A man by the name of Martin Marty is a man I would enjoy knowing. I am perhaps conditioned by the overtones of his name—Marty Marion was my all-time favorite shortstop, and “Marty” is one of my all-time favorite movies. And now Martin Marty has clinched my prejudgments of him by writing a delightful book, The New Shape of American Religion.
We have a sufficiency of books on the organization man, exurbia, and the seeking of status, and with the exception of Babson and Zever’s Can These Bones Live? I can think of no other writer who has brought these questions of society over into the field of the church as clearly as Marty. He has the unquestioned ability to see our church in our times and to bring his critical mind to bear on the problems and dangers of the church with great clarity, pungency, and excellence. He abhors the church in the grey flannel suit.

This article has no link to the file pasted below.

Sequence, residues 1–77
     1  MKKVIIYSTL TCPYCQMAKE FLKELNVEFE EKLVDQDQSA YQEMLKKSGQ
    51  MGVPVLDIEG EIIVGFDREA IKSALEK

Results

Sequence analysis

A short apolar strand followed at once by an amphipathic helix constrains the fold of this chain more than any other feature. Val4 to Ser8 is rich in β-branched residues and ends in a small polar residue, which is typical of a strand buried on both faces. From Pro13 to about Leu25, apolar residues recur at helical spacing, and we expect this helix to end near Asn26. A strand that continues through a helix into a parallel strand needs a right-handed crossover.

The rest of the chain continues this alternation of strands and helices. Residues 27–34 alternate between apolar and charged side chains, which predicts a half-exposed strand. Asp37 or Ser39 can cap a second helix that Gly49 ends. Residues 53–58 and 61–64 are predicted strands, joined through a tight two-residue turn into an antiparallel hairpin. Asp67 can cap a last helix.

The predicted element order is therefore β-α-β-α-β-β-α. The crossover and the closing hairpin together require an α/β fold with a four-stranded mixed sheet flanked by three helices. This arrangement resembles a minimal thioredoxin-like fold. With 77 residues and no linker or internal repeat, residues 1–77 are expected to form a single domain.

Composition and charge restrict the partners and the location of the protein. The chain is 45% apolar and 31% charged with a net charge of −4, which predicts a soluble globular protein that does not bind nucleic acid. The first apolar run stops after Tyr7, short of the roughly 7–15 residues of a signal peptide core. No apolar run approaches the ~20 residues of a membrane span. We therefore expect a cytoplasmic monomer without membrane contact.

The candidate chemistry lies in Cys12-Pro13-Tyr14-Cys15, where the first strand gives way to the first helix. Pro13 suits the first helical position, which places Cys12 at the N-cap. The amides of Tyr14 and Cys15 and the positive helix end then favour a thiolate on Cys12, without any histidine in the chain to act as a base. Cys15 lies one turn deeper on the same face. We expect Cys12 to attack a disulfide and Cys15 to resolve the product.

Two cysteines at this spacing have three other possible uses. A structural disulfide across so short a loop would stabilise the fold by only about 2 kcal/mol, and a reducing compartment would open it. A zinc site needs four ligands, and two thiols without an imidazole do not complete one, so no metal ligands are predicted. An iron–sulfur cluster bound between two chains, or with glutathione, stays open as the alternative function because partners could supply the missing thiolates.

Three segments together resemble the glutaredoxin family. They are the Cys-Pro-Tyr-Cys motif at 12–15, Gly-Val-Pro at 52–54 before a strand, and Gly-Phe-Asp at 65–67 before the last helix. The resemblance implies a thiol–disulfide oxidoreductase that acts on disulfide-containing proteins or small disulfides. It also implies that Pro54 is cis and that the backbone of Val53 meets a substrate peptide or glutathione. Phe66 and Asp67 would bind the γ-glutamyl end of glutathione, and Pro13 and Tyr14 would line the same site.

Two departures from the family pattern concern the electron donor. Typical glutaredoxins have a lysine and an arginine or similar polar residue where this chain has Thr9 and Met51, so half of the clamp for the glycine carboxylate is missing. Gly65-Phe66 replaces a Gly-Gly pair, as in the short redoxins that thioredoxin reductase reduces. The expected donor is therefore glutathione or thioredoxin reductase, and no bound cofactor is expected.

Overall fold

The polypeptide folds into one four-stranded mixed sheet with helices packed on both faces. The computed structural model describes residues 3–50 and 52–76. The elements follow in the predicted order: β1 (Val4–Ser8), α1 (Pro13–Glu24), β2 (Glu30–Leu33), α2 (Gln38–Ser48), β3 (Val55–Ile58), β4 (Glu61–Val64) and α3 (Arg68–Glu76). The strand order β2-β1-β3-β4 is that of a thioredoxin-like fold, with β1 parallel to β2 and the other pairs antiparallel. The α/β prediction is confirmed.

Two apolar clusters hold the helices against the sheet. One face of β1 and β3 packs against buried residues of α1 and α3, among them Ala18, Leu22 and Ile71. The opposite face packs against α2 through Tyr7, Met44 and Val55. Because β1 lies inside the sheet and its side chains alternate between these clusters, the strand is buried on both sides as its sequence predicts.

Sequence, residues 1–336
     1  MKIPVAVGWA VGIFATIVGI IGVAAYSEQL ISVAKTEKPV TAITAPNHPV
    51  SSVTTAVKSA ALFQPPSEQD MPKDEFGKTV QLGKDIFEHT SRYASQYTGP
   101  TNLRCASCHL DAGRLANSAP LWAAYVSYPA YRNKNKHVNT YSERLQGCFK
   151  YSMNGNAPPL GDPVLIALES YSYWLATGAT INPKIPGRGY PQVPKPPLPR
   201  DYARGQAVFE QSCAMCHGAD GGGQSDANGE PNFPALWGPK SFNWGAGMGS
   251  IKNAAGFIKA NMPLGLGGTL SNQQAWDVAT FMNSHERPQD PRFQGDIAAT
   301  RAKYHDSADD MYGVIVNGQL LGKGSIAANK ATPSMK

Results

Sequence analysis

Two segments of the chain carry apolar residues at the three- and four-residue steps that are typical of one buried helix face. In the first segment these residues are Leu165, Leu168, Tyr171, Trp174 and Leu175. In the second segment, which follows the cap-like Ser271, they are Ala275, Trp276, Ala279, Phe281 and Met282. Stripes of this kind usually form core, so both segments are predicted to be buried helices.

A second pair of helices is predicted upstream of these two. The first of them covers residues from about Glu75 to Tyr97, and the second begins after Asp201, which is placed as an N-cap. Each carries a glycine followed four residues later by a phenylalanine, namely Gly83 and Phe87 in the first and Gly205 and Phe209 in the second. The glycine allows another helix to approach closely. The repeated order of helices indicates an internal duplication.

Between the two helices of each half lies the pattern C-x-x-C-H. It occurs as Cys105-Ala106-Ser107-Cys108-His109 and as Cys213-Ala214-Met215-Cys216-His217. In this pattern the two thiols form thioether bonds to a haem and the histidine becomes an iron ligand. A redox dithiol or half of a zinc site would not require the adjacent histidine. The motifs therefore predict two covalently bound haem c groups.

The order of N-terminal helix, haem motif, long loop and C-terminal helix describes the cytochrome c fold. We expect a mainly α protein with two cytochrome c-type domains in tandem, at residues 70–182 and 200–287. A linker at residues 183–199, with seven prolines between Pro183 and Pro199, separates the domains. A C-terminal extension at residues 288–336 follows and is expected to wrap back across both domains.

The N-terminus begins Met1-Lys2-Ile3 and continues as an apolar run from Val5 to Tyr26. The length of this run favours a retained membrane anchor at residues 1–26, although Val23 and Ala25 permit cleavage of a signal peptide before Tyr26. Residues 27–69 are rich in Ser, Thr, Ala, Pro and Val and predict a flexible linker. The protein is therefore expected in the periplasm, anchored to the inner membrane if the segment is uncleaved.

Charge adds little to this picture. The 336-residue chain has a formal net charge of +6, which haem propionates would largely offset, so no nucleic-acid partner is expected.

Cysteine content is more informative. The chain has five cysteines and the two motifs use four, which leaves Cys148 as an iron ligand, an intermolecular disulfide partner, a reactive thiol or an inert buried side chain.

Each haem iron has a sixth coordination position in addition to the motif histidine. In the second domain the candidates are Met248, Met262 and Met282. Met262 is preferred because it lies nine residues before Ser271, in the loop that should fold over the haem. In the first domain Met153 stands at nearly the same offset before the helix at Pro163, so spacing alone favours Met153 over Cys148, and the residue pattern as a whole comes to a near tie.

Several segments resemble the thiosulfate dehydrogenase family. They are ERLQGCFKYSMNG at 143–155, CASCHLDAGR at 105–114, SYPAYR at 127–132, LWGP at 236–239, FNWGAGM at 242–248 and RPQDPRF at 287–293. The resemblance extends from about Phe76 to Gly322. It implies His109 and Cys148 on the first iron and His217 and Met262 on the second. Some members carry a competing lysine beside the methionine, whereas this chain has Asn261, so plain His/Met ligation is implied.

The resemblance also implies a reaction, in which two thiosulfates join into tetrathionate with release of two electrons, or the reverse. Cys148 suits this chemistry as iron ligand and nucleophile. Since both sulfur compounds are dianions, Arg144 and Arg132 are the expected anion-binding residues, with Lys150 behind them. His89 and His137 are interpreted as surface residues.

There has been what Marty calls an “erosion,” as the things of this world blur the distinctions of Christianity, until no one knows where Christianity stops and modern society begins. This would be all to the good if our Christianity had so invaded society that the two had become one. But the opposite has taken place. One has the eerie feeling that society has changed Christianity into something that can be defined only as religion-in-general in which the object of worship is God-in-general. The question Marty raises is whether we have not created a new religion of God-in-general which dominates not only American society, but all the churches. Surprisingly enough, he finds this influence in Catholic and Jewish churches as well as in Protestant. “In God we trust,” but apparently this God in whom we trust has been created by and ...1
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